The company’s has some large shareholders who are actively working to create shareholder value:
Chris Brogdon - 9.3% Ex officer and still involved in implementing Transition
Doucet Asset - 7.8% 13D filer
Park City Capital - 6.5% 13D filer and Board Member
Dave Tenwick - 2.5% Chairman
17.5 shares outstanding (june 2014)
1.1 2010 Converts at $3.73 due aug 2014
1.9 8% 2012 Converts at $3.97 due July 2015
1.4 10% 2014 converts at $4.50 due april 2015
26.5 Total Shares
$4.45 Current Stock Price
$118.0 Equity market capitalization
17.6 Options/warrants proceeds
118.0 Debt (excluding converts)
24.0 11% preferred
224.1 Enterprise value
Thus the company is trading at 12x PF Free Cash Flow. If you add back the g&a and assume the preferred is refinanced at 5%), the implied valuation is 8.8x
ADK’s stock price has traded down lately with the market, with selling of some convert holders as well as some frustration among shareholders from a lack of news. We expect the news flow to increase as the company makes progress implementing the Transition. We expect the stock to trade up as management announces more leases and refinancings, and the declares the 5c dividend in Q4, payable in 1Q 2015.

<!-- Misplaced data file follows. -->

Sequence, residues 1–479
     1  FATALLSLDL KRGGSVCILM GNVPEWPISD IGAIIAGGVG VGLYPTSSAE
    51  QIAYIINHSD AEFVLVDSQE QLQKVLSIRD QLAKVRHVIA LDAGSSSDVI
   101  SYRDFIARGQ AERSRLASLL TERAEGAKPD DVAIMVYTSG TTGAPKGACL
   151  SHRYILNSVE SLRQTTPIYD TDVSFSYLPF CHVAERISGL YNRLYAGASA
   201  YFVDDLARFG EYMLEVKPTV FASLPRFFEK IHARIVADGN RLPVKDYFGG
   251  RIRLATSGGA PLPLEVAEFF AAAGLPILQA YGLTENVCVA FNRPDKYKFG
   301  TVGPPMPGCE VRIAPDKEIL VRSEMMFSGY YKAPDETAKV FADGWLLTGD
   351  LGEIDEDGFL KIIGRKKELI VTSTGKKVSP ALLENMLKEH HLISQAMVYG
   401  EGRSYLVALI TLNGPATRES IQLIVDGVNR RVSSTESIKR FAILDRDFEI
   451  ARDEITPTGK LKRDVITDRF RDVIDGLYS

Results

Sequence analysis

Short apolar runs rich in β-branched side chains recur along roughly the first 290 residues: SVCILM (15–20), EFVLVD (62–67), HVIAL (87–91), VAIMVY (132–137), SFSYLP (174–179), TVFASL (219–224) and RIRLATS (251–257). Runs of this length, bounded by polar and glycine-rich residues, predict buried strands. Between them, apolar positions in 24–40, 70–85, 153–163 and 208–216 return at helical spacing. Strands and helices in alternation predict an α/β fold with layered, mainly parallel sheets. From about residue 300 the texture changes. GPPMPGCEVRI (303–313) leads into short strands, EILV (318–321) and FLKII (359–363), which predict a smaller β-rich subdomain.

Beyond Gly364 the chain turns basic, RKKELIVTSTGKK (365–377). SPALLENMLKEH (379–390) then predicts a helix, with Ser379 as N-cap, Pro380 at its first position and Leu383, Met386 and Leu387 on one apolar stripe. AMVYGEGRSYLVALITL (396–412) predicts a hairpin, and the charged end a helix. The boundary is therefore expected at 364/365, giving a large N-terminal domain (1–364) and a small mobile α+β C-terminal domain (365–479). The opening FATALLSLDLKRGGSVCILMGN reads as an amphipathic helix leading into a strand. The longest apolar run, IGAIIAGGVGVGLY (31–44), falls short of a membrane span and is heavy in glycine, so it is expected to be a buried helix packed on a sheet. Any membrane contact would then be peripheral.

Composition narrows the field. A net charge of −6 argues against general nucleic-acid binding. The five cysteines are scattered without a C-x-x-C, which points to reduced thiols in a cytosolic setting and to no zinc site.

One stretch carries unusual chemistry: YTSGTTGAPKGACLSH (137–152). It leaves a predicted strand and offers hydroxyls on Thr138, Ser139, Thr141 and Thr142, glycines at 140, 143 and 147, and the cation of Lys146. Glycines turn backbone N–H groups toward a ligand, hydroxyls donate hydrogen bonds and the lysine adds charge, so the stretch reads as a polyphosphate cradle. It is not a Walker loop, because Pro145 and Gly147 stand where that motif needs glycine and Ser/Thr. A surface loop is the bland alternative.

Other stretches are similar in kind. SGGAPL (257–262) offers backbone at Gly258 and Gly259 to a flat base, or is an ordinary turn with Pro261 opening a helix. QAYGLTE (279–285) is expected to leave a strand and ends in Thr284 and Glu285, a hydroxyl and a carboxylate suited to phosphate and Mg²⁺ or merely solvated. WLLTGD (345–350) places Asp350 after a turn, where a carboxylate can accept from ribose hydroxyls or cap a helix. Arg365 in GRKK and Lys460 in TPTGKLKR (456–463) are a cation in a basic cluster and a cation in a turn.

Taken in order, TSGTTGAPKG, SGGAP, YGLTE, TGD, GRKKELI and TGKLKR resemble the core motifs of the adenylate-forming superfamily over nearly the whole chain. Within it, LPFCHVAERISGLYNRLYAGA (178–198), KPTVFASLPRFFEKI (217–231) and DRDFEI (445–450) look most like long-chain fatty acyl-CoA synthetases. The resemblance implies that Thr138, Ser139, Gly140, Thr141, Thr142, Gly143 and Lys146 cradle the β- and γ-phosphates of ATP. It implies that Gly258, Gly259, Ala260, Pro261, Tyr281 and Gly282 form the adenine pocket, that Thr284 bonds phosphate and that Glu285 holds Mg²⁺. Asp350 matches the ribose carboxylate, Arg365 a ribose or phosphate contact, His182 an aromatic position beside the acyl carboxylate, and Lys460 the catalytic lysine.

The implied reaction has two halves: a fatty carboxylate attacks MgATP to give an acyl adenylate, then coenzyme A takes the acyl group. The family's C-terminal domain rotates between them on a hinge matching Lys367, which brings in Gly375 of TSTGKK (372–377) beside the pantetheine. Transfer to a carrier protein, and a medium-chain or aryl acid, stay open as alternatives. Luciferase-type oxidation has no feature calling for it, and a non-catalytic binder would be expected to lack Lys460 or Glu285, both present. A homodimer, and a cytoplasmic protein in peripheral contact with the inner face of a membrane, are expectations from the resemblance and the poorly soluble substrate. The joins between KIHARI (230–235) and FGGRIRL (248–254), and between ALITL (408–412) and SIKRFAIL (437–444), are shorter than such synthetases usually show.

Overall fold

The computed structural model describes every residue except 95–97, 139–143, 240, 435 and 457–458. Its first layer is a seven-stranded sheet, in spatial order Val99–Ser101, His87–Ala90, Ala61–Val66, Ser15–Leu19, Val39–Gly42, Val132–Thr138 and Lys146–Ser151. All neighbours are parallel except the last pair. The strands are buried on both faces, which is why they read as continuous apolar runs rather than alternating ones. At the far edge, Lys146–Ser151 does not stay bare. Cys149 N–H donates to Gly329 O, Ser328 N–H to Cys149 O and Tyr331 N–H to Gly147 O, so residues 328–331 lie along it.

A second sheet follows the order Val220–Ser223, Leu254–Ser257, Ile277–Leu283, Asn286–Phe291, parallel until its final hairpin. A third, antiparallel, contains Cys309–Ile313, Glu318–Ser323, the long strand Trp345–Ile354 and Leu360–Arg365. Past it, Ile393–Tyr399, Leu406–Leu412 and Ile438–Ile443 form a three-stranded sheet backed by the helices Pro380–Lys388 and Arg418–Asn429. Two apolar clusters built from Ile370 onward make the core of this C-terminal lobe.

As mentioned, we believe there is upside if/when the company is sold. Integrating an acquisition would be relatively easy (it is just leases) and a buyer could generate significant saving (relative to the size of the acquisition) by eliminating the 2.5mm of G&a, refinancing the 11% preferred (which the company pays $2.6mm annually), both of which are meaningful to the $9.6 million of PF free cash flow mentioned above.
|Entry||10/21/2014 03:35 PM|
Happy you wrote this up. Have looked at this. If mgmt hits forecasts, will be very nice position.
I do have a discrepancy in TEV with you though.
I get $259mm TEV at this stock price.
I think the main difference is where are you getting $118mm debt (not including converts)? I get $135mm debt not including convert.
I also think you are undervaluing the optionality in the contingent claims using your method. Because the options in the converts/warrants/options are close to being at-the-money, your method is going to undervalue by quite a bit.
Going to review notes and have some further questions.